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Friday, 9 November 2007

Keep The Flag Flying For Traditional British Golden Syrup Pudding

I watched the BBC news this week in utter disbelief that a national favourite of steamed puddings are in danger of becoming extinct! I am still flying the British flag for traditional puddings and standing in its corner in my household. I don’t confess to eating puddings every day, but what a splendid treat to eat on a cold and blustery day. Can you imagine cutting through soft sponge and coming to the ultimate prize of luscious golden syrup and then but not least, a trickle of custard that weaves its way through the sponge, oh my, sheer delight!

Here is my recipe to help keep a tradition alive.

Golden Syrup Sponge Pudding

Serves 4 – 6

110g (4 oz) self-raising flour
Pinch of salt
110g (4 oz) soft butter
110g (4 oz) caster sugar
2 eggs
A few drops of vanilla extract
2 tbsp milk
3 tbsp Golden Syrup


You will need a 900g (2 lb) pudding basin, greased with a little butter, greased greaseproof paper and foil to cover the top of the basin and a little string to secure the paper and foil.

Place a steamer on to boil and then lower to a simmer in readiness for cooking the pudding.

Add the Golden syrup into the bottom of the pudding basin.

In a mixing bowl add the butter and sugar and beat together until fluffy and light. Add one egg at a time beating well into the mixture, and then beat in the vanilla extract. Sieve the flour and salt together and fold gently into the mixture. Add enough milk to make the mixture into a dropping consistency and mix until all combined. Spoon the mixture into the prepared pudding basin and with a spoon level the top.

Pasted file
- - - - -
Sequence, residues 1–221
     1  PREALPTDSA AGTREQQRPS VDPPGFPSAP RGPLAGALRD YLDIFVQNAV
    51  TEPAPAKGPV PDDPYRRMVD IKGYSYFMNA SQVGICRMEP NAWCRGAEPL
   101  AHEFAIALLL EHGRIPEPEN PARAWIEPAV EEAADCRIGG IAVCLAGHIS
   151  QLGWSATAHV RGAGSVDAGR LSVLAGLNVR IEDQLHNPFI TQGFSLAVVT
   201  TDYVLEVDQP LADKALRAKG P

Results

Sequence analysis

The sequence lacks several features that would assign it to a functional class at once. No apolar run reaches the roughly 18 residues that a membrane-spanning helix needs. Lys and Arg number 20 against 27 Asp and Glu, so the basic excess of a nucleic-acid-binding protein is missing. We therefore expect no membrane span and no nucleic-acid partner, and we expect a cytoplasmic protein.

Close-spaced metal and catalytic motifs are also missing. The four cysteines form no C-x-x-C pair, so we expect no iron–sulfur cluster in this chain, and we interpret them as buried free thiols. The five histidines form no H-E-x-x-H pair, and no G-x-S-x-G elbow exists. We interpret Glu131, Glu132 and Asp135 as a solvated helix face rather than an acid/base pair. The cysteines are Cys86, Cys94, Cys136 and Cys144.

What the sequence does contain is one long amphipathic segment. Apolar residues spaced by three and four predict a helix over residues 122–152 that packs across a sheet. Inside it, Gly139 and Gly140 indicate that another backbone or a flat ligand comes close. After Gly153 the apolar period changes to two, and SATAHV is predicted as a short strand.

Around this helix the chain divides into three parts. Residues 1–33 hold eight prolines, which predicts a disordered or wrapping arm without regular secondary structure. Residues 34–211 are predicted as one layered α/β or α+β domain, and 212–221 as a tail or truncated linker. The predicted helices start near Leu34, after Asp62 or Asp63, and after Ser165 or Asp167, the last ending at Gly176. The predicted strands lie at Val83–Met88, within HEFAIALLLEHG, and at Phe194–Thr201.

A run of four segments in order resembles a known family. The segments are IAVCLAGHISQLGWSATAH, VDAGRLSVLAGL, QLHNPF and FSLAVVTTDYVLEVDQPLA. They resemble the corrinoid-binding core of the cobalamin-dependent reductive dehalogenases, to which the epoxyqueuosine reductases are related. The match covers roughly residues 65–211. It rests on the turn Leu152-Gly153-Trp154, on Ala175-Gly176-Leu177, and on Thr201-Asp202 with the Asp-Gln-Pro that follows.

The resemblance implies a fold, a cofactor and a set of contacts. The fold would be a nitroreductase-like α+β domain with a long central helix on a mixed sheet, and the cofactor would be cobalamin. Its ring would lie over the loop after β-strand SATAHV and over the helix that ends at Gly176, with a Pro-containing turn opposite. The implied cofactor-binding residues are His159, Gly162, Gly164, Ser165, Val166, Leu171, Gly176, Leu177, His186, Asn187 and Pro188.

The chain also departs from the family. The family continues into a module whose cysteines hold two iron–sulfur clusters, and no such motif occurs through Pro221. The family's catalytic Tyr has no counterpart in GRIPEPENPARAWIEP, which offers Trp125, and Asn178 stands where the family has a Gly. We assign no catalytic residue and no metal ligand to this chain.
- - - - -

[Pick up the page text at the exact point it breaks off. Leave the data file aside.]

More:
Make a circle large enough to fold a pleat in the middle to place on top of the pudding, leaving enough to come down the sides, do the same with the foil too. After placing the greaseproof paper and foil on top of the pudding basin, tie string around the top half of the basin and secure tightly, then take the string over the top of the pudding tying down to make a handle to lift the pudding out.Place the pudding into the steamer and steam for 2 hours, do not let the steamer boil dry and replenish the water as necessary.

Turn the pudding out onto a plate large enough to catch any syrup that may run down the sides. Slice into portions and serve while hot with lashing of custard.


Maria said...

Rosie this pudding will not becoming extinct in my household. This is one of my sons favourite puddings and definitely one my hubby and i love too, with lashings of custard. Your pudding came out wonderful and your making me hungry now and this is not good considering i am watching the waist line, lol.


Carolyn said...

I heard this in the radio - but I am not sure that it is quite true - the puddings are always popular on the 'eating out' trail! I guess people do not cook them at home as much.

This looks fab

Rosie said...

Hi Maria,
I hope you are up for our "Challenge" of baking a British pudding once a month ;) I know your boys will enjoy the rewards *smile*

Hi Carolyn, I do hope that the Great British Pud lives on as I blogged earlier on my "Spotted Dick pudding", it was being called "Spotted Richard" in a local restaurant, so this wouldn't offend customers ordering!

Thank you ladies for calling by :)

Rosie x

PASSIONATE BAKER....and beyond. said...

Clap Clap Rosie!!! Great stuff...

Rosie said...

Hi passionate baker :) Great to *see* you and thanks for your comment :)) You can see how passionate I am about traditional puds lol

Rosie x

Anonymous said...

Um I dont think it is like SOO Good. But WHere IS The Fu**ing RECIPE> Its HOrribe> An Pink .Uhhh